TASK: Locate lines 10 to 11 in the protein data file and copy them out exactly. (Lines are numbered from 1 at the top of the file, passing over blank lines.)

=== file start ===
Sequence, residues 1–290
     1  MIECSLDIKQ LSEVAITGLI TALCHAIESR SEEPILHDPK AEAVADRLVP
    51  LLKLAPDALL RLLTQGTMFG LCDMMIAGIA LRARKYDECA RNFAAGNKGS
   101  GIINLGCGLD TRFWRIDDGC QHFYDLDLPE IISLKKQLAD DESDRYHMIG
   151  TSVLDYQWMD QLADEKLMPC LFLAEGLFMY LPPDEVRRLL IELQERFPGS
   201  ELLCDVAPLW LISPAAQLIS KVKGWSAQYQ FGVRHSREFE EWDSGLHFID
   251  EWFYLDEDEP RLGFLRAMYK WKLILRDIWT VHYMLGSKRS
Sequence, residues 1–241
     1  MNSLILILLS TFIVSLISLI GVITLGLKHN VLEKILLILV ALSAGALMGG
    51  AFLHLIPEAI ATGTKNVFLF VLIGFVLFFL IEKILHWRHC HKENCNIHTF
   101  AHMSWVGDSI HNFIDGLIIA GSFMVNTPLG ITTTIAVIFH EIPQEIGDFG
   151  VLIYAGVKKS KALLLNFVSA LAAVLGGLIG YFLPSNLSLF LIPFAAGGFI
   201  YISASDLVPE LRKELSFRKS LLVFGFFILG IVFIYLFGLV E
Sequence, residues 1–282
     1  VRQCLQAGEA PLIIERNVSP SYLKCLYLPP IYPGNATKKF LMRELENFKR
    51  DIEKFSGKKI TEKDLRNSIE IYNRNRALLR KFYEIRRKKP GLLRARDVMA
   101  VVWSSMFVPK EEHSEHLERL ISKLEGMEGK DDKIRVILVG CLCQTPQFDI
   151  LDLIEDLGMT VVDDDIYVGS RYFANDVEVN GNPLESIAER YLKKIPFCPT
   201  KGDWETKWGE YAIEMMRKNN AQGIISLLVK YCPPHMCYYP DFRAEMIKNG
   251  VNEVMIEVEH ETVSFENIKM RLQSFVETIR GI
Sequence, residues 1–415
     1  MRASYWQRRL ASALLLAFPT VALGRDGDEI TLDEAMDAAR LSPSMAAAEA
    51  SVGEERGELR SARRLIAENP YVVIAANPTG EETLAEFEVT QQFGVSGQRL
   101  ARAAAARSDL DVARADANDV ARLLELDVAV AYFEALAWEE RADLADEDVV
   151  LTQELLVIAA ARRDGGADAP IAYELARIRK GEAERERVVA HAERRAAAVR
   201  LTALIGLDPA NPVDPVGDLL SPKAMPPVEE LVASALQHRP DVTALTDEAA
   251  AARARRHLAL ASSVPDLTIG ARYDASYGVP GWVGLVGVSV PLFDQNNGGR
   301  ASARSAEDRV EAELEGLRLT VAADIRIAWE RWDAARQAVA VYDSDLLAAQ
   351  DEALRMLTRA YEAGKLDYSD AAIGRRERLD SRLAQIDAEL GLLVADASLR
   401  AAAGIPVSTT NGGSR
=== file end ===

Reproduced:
    51  AFLHLIPEAI ATGTKNVFLF VLIGFVLFFL IEKILHWRHC HKENCNIHTF
   101  AHMSWVGDSI HNFIDGLIIA GSFMVNTPLG ITTTIAVIFH EIPQEIGDFG